The fossil fuel lobby aggressively uses lobbying and propaganda to block public health protections, manipulate the energy debate, defend their massive government handouts and attack clean energy sources that threaten to displace them.
No tool goes unused: Traditional lobbying, "super PAC" donations, software that floods opinion websites with favorable comments, and a network of well-funded front groups and commentators who launder fossil fuel industry talking points.
Robert Bryce and his employer, The Manhattan Institute, are among the most aggressive of a growing class of talkers underwritten by fossil fuels to write commentary talking down clean energy and playing down the cost and public health problems of fossil fuel dependence.
Bryce has written four books and appeared in hundreds of articles and opinion pieces, from the conservative National Review, to mainstream media outlets such as the New York Times, CNN, National Public Radio and PBS. Mr. Bryce is quickly securing the top position as the leading multi-million dollar marketer for fossil fuels.
Bryce, a former journalist, has consistently been able to position himself as an intellectually independent energy expert. He has never acknowledged fossil fuel underwriting -- though Manhattan Institute records show that since 1985, it has received $6.7 million from fossil fuel interests, including the Koch brothers and ExxonMobil.
I asked Bryce if he had financial ties to the fossil fuel industry after his debate appearance before the National Association of Regulatory Utility Commissioners conference on Monday. Not only did Bryce refuse to answer the question, he also launched into an angry, finger-pointing tirade saying that I'd "made up" the amount of fossil fuel support documented by Manhattan Institute records.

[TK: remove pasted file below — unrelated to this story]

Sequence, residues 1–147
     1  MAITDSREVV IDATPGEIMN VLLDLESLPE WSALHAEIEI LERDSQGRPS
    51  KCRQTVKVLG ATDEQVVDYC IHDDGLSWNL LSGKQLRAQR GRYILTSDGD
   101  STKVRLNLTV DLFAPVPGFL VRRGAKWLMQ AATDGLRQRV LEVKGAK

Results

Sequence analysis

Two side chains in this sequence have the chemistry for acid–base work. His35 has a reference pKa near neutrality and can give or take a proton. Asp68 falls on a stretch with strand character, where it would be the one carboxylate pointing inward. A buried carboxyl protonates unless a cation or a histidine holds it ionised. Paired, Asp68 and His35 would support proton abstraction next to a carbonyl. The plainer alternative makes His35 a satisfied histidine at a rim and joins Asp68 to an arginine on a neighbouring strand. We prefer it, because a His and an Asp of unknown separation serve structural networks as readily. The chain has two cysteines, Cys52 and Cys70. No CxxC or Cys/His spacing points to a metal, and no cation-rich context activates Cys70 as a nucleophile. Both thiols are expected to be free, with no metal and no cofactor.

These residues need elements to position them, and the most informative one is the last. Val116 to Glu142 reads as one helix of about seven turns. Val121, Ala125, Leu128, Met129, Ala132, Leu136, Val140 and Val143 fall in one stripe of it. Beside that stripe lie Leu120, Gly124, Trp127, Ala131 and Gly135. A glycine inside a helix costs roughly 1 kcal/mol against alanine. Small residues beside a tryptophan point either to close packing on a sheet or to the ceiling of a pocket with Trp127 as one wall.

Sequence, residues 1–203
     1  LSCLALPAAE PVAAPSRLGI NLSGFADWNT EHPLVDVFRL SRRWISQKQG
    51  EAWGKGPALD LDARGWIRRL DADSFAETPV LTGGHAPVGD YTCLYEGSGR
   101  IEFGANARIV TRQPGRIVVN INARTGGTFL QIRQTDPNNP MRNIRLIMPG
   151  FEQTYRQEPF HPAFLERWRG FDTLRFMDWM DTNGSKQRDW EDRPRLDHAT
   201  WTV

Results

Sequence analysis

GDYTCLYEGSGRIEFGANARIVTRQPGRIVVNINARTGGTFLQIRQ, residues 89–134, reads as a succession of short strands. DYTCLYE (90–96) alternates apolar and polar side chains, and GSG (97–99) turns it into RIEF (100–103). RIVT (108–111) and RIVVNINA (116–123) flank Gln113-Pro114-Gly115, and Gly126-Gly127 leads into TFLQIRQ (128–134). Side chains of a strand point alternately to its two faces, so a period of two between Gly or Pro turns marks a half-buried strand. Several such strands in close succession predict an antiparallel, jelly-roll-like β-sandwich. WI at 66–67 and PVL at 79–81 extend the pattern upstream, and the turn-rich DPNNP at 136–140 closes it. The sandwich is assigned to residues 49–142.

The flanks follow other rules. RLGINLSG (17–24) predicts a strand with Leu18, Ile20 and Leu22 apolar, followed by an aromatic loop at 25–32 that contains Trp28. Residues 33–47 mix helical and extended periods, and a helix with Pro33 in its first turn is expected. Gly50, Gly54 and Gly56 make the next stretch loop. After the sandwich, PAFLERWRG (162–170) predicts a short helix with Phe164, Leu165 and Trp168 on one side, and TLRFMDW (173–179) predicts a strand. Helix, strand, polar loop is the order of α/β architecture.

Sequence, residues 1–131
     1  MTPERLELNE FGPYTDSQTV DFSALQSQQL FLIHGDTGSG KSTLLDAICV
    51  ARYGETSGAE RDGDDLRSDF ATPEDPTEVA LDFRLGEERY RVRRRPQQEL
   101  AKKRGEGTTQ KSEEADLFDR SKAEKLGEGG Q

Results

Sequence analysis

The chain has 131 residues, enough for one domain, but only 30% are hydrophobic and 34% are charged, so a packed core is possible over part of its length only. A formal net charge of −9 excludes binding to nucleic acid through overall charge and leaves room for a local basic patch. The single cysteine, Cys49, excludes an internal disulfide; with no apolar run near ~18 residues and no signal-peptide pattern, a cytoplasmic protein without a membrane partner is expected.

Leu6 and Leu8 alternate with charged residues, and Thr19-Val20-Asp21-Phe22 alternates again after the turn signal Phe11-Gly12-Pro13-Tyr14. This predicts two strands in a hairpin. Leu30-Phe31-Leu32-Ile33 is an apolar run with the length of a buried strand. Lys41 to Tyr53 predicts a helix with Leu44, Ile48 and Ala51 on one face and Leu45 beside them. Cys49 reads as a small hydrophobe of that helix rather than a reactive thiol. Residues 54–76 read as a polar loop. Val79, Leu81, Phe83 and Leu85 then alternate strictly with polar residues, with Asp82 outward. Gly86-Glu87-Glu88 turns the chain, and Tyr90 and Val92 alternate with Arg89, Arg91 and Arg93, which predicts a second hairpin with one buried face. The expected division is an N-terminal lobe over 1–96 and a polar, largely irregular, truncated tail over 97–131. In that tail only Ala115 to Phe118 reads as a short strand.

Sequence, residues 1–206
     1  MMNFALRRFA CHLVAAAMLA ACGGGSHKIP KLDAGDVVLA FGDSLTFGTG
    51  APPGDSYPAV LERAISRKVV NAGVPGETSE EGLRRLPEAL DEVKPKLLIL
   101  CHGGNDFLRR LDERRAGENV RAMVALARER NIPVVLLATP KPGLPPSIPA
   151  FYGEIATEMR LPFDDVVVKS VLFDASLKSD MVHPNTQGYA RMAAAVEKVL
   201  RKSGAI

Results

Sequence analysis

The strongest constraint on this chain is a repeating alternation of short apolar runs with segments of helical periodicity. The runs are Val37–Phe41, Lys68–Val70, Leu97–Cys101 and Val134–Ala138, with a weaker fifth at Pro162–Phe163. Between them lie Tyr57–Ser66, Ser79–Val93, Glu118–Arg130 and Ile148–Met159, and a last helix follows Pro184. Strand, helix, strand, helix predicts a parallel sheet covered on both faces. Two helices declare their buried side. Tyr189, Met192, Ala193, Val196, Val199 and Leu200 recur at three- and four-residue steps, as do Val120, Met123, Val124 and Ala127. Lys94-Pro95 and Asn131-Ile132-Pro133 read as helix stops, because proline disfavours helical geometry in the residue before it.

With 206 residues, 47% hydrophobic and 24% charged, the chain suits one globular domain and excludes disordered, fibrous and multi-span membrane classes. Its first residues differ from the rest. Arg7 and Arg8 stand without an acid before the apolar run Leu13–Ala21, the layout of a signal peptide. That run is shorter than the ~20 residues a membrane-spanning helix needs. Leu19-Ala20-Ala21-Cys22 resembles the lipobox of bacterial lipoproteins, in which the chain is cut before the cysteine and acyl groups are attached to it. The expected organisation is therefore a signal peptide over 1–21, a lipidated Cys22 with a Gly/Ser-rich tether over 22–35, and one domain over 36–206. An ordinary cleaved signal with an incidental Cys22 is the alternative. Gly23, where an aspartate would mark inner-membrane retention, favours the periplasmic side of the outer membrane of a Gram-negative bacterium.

I break it down here:
As 50 current and former journalists told the New York Times in a petition we launched last year, it's fine for Bryce to echo fossil fuel talking points. But it's not acceptable for him to hide that he's doing that for the fossil fuel industry and leave himself positioned in bylines as somehow intellectually honest. Based on records and Bryce's response, it seems pretty clear that Bryce is functioning as a paid spokesman of the natural gas industry (and other fossil fuels). But wearing that on his sleeve would lose his "echo chamber" effect because he wouldn't be the seemingly independent voice that fossil fuel industries need to say things they don't have the credibility to say themselves.
Note: Based on our experience from last year's True Ties petition, this will draw a pretty aggressive response from Bryce's fellow travelers, such as Washington Examiner Editorial Page Editor, Mark Tapscott (CPAC "conservative journalist of the year"), and National Review Online Editor, Ed Craig, a former Manhattan Institute PR guy. To put their mind at ease, we do answer the funding question here. We're unabashedly clean energy, and we'd love to get support from clean energy industries (potential funders -- please consider!).
Visit Checks and Balances Project here.